Commenting on the memo, Dell spokesman Dwayne Cox pointed to significant changes in the upper ranks of Dell's senior management, including the appointment earlier this year of Michael Cannon, the former CEO of Solectron, as the top logistics executive and Ron Garriques, who formerly ran the handset business at Motorola, to take over Dell's consumer operations. Cox said the company is working to get "fresh executive focus to gain other outside perspectives."

"We literally haven't determined a lot of specificity within the business," Cox said. As far as whether Dell is looking at a bona fide, two-tier distribution system, "it would be premature to say that," he said.

"We're looking at different alternatives," Cox said. "Those may vary depending on what the market is, where the customers are, what the customers want and so on."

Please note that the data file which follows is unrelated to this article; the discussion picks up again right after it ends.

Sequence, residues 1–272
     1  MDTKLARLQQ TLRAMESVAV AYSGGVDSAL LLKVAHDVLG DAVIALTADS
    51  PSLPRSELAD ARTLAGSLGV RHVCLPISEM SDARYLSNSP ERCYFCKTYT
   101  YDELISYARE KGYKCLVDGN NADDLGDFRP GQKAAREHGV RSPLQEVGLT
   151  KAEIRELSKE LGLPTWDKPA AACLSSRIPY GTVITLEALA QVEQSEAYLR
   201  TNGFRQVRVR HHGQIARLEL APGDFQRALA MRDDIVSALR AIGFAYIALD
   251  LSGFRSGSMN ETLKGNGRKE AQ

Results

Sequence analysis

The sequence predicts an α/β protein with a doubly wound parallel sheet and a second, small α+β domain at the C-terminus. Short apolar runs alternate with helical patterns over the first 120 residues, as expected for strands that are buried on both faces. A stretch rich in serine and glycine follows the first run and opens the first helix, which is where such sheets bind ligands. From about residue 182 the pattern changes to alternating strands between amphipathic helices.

Next: Partner with Dell? No way, some VARs say.

Still, some VARs said they're dead-set against partnering with Dell, even if the company has had a change in heart about working more closely with the channel.

"That is bull," said Jay Tipton, vice president of Technology Specialists, a Fort Wayne, Ind.-based solution provider. "They are starting to realize they need the channel, and the channel is rejecting them. I wouldn't be too surprised if they started buying some VARs and pushed them to sell Dell."

Technology Specialists is winning more deals against Dell than ever before because of the computer giant's service problems, Tipton said, adding that Dell's low-price strategy has played itself out.

"You can offer the lowest prices without all the training and services. It doesn't mean you are better. Dell is hurting for sales, and Wall Street is getting on their case. I could care less."